Many people want to know how much a pension is worth to you in terms of dollars. Let’s do the math. Let’s assume you receive a pension of $3,000/mo or $36,000/yr and you begin receiving this pension at age 65. If you live to age 95 (30 years) your employer will pay you $1,080,000! This is assuming they pay only on your life. If you have a spouse who receives this same amount for their lifetime and they outlive you by 5 years, that means the employer would pay $1,260,000 over the lifetimes of you and your spouse. Now if that employer has this same obligation to over 1,000 employees, you can see how fast these numbers get astronomical.

Given that pensions are becoming more and more scarce and also that Social Security will likely need to undergo some major changes in the future, the most important thing for people to do is take advantages of defined contribution plans. What is that? Well, for most people, a defined contribution plan is a 401k/403b. This is the third source of income that we will discuss, and for most people, this is the piece that they will have the most control over.

So, let’s start with how much you should contribute to these types of accounts while you’re working. The easy answer is: as much as you possibly can up to the maximum amount allowed by the IRS. For reference, in 2016, the IRS allowed up to $18,000 if you are under age 50 and $24,000 if you are over age 50. We all understand that putting this much away is out of reach for some people, but nevertheless, it’s a great goal to have because we’ve never had a client say that they had too much money to retire. On the other end of the spectrum though, the absolute minimum you should contribute is however much your employer will match. The employer match is like getting a 100% return on your investment. There aren’t many investments in your lifetime that will give you a 100% return, and I would doubt that any of them are essentially guaranteed like the employer match is.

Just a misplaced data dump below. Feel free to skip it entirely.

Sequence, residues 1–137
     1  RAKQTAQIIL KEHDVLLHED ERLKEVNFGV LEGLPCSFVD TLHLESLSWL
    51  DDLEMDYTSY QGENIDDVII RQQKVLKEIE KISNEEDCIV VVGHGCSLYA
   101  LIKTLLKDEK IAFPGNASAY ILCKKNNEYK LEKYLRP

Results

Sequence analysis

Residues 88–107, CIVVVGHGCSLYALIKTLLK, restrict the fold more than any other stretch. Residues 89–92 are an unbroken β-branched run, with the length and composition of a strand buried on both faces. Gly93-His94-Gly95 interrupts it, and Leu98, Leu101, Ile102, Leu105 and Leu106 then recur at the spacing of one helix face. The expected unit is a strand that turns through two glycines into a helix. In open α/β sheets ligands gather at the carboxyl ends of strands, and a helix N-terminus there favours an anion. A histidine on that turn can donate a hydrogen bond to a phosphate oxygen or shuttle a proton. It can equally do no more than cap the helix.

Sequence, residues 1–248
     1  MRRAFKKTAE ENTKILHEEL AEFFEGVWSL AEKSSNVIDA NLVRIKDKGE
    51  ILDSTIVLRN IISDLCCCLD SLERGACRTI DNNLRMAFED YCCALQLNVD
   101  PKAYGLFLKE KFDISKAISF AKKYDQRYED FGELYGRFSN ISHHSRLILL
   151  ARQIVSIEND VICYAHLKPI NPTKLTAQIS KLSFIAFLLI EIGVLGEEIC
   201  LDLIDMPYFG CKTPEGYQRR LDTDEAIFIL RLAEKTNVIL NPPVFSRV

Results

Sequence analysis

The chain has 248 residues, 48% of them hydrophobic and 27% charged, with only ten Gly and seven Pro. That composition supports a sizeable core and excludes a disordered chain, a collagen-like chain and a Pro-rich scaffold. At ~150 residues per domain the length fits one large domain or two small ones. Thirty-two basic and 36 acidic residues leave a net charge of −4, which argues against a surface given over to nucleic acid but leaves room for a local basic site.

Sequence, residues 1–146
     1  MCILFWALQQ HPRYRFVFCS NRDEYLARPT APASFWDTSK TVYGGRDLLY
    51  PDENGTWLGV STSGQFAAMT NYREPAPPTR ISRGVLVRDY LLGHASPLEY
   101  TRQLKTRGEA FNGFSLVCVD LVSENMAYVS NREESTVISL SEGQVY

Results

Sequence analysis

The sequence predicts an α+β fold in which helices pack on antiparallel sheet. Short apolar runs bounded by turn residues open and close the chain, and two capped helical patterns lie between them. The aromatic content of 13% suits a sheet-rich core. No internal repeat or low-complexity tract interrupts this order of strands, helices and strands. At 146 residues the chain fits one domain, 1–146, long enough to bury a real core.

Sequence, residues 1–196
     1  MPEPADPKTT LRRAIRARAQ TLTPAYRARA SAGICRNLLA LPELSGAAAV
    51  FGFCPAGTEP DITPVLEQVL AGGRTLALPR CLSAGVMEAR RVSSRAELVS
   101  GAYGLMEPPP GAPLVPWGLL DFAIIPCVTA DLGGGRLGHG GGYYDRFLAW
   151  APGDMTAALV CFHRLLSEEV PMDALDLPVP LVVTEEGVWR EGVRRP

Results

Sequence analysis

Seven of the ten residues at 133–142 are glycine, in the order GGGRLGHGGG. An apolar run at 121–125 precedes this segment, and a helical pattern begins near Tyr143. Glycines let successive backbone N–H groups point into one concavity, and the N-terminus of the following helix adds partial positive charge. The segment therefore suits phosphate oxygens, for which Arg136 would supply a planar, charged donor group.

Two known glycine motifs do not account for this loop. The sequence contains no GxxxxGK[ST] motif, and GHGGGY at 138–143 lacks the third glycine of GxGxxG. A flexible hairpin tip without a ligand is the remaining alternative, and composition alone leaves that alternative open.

Now, keep in mind that some employers will either not offer a 401k or will not match any contributions that an employee puts into these accounts. Does that mean that you shouldn’t save for your retirement? I guess if you never wanted to retire, you wouldn’t need to save for it; however, most people plan on retiring. Another reality is that at some point, you may be unable to work any longer due to health conditions or other circumstances. It is YOUR retirement which means that it is YOUR responsibility to save for it, whether your employer will help you or not. If your employer does not offer a 401k plan, you can still open up an Individual Retirement Account (IRA). IRA’s are similar to a 401k/403b, and once you retire, most people roll their 401k/403b into an IRA. The main difference between the two is the IRS defined contribution limits. For an IRA, in 2016, the IRS contribution limits are $5,500 if you are under age 50 and $6,500 if you are over age 50.

So, as I stated in the beginning, most people will have at least 2 “checks” in retirement which will come from social security and your 401k/403b/IRA’s. Some people will be fortunate enough to have 3, if their employer offers a pension. However, the check that you have the most control over is the one your IRA dollars will give you. There are two things that you can do to help determine how much this check will be: 1) either save more while you’re working or 2) withdraw less while in retirement. You don’t have much say in how much your social security check will be or how much your pension will be. The keys to retirement and financial security is to be prepared in your finances as much as possible, take control of your future income, and make sure you have due diligence with a financial planner before you decide to retire.